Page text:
Tribute dinner shines light on GA’s humanitarian efforts

WASHINGTON, DC — A tribute dinner was held at a hotel just two blocks from the Capitol where legislators are wrestling over FAA budgets, user fees and other issues of aviation.

Dinners here are as numerous as fleas on a mangy dog. But this one showed what aviation means to the nation by honoring just one activity of flight, and would have been an excellent one for all members of Congress to witness.

The tributes recognized some of the people, organizations, foundations and companies involved in Angel Flight of America.

Angel Flight, as most pilots know, arranges free air transportation for any legitimate, charitable, medically related need. To get help, the patient needs either to be financially distressed or the event time critical.

Last year Angel Flight conducted more than 20,000 trips. That averages one every 23 minutes. To help after Hurricane Katrina, Angel Flight has conducted nearly 3,000 missions. Only the military flew more. About 7,000 pilots are volunteers who make the flights in all types of aircraft from four-place single-engines to corporate jets. As this tribute dinner showed, this humanitarian effort breaks down barriers, unites companies with customers, and crosses political lines.

Airlines are involved. American Airlines alone contributed more than a million passenger miles last year. Alaska, Frontier, Delta and U.S. Airways received thank-you plaques. The New Piper Co. was recognized for its contribution, as was Raytheon, which has donated a hangar, and Saab, which provides automobiles at local airports. Signature Flight Support was thanked for its contributions of waiving all ramp service fees for Angel Flights. Jeff Myers accepted a plaque given to the Aircraft Owners and Pilots Association. Dan Hubbard took the thank you recognition back to the office of National Business Aviation Association whose members made mercy flights, including more than 350 related to Katrina alone.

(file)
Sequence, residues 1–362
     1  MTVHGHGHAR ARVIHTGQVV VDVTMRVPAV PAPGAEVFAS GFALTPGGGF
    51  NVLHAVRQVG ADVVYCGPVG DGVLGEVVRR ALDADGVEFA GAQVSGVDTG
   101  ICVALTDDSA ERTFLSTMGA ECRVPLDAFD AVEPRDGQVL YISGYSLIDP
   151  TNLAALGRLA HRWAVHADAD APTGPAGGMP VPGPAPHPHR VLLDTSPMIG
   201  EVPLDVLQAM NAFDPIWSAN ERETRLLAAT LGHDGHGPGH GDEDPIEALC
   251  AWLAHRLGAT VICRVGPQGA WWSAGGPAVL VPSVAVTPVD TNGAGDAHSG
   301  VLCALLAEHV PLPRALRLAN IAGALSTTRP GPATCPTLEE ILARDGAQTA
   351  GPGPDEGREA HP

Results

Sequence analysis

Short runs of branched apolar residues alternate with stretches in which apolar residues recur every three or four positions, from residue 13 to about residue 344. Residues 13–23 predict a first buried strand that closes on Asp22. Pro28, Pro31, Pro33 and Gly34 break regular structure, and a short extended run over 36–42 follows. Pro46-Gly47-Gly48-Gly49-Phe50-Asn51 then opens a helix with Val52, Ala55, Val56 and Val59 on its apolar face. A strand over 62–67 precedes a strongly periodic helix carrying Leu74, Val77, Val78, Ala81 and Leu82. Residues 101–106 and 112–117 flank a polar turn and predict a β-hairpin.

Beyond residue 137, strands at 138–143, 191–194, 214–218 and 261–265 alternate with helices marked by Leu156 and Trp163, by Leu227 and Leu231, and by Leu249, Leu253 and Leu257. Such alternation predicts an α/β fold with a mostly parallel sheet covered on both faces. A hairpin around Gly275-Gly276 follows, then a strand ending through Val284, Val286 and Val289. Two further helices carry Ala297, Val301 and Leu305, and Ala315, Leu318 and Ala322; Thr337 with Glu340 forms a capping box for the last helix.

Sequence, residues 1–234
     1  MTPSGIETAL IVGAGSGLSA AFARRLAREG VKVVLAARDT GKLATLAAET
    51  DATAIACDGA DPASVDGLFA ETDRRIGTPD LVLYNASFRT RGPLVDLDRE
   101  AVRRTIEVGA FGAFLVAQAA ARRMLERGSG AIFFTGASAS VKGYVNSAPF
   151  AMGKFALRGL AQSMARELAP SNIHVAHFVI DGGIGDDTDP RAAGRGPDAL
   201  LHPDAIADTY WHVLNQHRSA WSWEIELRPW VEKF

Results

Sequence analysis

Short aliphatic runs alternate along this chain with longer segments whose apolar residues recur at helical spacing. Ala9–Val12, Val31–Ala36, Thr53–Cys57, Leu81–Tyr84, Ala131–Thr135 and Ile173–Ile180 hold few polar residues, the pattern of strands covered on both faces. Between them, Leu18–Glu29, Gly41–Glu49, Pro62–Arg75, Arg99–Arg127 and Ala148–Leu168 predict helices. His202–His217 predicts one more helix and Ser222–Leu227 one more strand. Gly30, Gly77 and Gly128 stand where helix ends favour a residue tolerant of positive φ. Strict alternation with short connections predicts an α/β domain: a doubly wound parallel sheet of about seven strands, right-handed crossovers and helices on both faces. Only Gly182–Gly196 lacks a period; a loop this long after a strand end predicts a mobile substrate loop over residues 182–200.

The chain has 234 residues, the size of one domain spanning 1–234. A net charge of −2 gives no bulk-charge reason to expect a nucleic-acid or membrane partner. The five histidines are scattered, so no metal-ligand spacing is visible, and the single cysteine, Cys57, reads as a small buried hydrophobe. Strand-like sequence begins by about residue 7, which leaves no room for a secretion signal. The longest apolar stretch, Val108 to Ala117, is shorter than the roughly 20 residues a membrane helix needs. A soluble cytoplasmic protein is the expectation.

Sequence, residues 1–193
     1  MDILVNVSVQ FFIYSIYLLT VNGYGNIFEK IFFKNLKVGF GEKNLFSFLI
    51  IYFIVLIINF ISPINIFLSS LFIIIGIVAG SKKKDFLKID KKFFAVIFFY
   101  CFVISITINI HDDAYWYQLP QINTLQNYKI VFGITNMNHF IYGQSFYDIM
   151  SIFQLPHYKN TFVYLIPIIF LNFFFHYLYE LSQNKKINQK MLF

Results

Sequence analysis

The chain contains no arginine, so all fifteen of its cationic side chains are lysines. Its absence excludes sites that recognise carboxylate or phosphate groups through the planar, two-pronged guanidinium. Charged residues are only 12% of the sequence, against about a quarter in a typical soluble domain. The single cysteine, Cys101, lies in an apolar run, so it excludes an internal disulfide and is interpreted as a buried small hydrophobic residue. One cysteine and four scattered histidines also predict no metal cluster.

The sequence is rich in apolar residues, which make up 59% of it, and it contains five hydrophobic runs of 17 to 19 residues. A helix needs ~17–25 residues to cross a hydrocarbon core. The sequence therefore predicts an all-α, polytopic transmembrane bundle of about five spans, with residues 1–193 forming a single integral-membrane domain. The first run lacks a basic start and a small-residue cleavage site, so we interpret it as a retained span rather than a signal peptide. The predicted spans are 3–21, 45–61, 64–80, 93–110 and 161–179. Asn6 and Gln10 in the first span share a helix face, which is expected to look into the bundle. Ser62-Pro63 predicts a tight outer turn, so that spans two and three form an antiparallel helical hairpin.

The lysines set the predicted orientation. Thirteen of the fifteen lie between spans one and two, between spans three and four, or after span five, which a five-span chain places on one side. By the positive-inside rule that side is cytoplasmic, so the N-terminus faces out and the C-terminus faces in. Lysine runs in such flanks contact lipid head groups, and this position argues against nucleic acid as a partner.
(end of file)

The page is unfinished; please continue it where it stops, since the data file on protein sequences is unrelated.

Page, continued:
Angel Flight flew 850 missions last year in conjunction with the American Red Cross. There also was cooperation with the United Way, as well as a close working relationship with the Ronald McDonald Charities.

The work of Angel Flight is known by some in Congress — those few members who are pilots or know aviation. Two members of the House of Representatives attended the tribute dinner. Sen. James Inhofe of Oklahoma was scheduled to emcee the event but government business kept him away.

A bill has passed the House and is now bogged down in the Senate that would give legal protection from lawsuits to pilots who donate their time and resources to this worthy cause. It is H.R. 1871, the Volunteer Pilots Protection Act. It has 28 co-sponsors and was approved overwhelmingly in the House. Sen. George Allen of Virginia is pushing for its passage in the upper house. Pilots have been urged to contact their Senators to help the bill along.

Angel Flight touches many American lives — more than a quarter of a million last year, including patients, family members and medical personnel. Odds are none of these people support closing any airports.

Just one more way aviation helps.

Charles Spence is GAN’s Washington, D.C., correspondent.

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